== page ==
Hierarchy is well understood by the Indian. We are used to pecking orders in everything in our life — we can rank schools, colleges, VIPs and VVIPs with an astonishing amount of precision.

Where the Indian consumer struggles is when luxury becomes horizontally as well as vertically arrayed. As long as brands represent rungs of a single ladder, with clarity about which brand is higher than the other, we find that it meets the need for class signalling. So, there is no problem in aspiring for a Mercedes because it comes with a clear statement of its relative position. But what is one to make of an Aston Martin? Luxury as a sign of hierarchy fits in with a society that is intricately layered. It is when luxury becomes a mark of taste that the disconnect begins. The Indian consumer understands the symbolic power of objects that are culture-neutral but does not respond as well to those that are embedded in an alien cultural system.

Unlike the West, where the responsibility of becoming somebody rests entirely on an individual, in India everybody is born somebody. The child comes into a world with a past; he “belongs" somewhere and derives his identity primarily from this source. The need to construct oneself from scratch with the help of consumption, the need to assemble oneself bit by bit, is not as pronounced in India as it is in the West. The role that consumption plays in our lives is not as central as it is in more individual-centred cultures. Consumption mediates status, how one appears to others in terms of social rank, but is not that critical in constructing individuality, how one defines oneself. Of course, this is changing but, perhaps, a tad slowly.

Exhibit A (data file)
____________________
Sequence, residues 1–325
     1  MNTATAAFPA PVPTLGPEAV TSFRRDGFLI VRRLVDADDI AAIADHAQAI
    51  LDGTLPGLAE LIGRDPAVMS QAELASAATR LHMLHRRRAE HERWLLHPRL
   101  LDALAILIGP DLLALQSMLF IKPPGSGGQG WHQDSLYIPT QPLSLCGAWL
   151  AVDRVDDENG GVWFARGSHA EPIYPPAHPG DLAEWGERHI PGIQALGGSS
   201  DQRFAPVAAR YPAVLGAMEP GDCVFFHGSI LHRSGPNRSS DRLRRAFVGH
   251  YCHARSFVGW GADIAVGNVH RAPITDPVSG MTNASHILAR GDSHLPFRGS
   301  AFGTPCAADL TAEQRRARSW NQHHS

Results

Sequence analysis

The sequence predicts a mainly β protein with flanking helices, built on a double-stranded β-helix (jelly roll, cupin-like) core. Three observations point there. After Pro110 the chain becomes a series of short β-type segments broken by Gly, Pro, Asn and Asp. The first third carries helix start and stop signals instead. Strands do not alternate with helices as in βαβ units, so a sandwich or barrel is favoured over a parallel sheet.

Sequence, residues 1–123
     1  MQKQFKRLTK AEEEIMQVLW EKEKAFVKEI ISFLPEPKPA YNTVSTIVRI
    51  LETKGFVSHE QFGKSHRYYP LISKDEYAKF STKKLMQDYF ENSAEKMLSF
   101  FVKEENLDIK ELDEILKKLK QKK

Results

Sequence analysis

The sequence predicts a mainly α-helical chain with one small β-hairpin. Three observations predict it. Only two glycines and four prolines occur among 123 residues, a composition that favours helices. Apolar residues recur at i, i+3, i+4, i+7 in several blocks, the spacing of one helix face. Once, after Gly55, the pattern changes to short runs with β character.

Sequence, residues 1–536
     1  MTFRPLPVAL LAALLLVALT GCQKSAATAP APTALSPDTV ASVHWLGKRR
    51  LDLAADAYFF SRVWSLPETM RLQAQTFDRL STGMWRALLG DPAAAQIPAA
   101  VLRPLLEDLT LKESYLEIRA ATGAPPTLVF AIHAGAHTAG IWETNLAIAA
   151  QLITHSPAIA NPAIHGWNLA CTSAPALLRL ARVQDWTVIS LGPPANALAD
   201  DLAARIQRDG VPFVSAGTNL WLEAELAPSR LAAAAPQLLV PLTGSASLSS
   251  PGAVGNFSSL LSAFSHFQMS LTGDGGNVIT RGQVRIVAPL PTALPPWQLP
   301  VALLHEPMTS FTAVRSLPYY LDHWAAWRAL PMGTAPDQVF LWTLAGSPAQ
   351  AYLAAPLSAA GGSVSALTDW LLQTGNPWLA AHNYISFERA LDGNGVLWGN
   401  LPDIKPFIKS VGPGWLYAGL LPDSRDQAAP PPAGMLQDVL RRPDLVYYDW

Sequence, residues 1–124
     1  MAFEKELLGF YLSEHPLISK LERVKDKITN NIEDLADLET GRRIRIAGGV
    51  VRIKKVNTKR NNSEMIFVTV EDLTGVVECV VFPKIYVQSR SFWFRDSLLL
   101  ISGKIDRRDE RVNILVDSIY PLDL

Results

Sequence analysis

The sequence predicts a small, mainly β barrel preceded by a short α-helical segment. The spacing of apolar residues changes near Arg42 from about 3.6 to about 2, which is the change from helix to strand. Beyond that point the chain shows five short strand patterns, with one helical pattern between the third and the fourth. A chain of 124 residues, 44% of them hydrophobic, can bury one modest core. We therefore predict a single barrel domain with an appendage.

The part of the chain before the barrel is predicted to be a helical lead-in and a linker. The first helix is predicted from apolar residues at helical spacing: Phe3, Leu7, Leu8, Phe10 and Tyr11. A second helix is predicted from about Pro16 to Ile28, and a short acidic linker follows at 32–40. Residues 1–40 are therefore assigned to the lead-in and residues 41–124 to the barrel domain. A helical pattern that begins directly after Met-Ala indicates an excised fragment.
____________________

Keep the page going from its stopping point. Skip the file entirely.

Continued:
As a result, luxury faces a language problem in India. We simply do not understand the nuances of its vocabulary and often stumble even on its grammar. We do not have familiarity with the cultural signposts that are the basis of knowing what to value and how much, because luxury operates within the framework of a larger cultural system, the meaning of which is known to all. In India, we are far too comfortable with our own cultural markers to find the need to go through the elaborate education that we would need to go through in order to grasp the fine distinctions between one luxury brand and another. Our own cultural system is too well developed to need a completely new one.

That gives India a certain amount of immunity from the powerful influence that the idea of luxury has over much of the developed world. Being grounded in scarcity and having a stable source of identity make the Indian respond to luxury with greater caution.

This will change as a new generation of Indians used to affluence begin to emerge in larger numbers. But even then, it is not necessary that luxury follows the trajectory of development it did in the West. Will the road to a more sustainable idea of luxury, one which is not as deeply grounded in excess and waste, begin in India? I am not sure about that, but whatever road is chosen by the Indian consumer, we will reach a new, unknown destination.

Santosh Desai is CEO, Future Brands